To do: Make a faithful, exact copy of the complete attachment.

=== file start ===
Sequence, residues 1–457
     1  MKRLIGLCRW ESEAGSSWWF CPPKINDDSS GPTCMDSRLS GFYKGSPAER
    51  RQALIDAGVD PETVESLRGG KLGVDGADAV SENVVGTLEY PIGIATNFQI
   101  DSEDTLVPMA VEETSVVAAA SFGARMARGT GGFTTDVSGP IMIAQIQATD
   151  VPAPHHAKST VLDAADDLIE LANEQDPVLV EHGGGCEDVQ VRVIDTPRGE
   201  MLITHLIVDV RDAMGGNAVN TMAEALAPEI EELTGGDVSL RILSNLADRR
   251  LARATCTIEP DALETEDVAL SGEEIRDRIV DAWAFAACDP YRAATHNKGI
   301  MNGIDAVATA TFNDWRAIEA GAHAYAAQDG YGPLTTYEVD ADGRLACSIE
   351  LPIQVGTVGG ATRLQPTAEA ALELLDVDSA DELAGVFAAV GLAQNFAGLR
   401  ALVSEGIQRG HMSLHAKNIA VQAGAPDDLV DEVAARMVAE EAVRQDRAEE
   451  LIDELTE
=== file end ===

Sequence, residues 1–457
     1  MKRLIGLCRW ESEAGSSWWF CPPKINDDSS GPTCMDSRLS GFYKGSPAER
    51  RQALIDAGVD PETVESLRGG KLGVDGADAV SENVVGTLEY PIGIATNFQI
   101  DSEDTLVPMA VEETSVVAAA SFGARMARGT GGFTTDVSGP IMIAQIQATD
   151  VPAPHHAKST VLDAADDLIE LANEQDPVLV EHGGGCEDVQ VRVIDTPRGE
   201  MLITHLIVDV RDAMGGNAVN TMAEALAPEI EELTGGDVSL RILSNLADRR
   251  LARATCTIEP DALETEDVAL SGEEIRDRIV DAWAFAACDP YRAATHNKGI
   301  MNGIDAVATA TFNDWRAIEA GAHAYAAQDG YGPLTTYEVD ADGRLACSIE
   351  LPIQVGTVGG ATRLQPTAEA ALELLDVDSA DELAGVFAAV GLAQNFAGLR
   401  ALVSEGIQRG HMSLHAKNIA VQAGAPDDLV DEVAARMVAE EAVRQDRAEE
   451  LIDELTE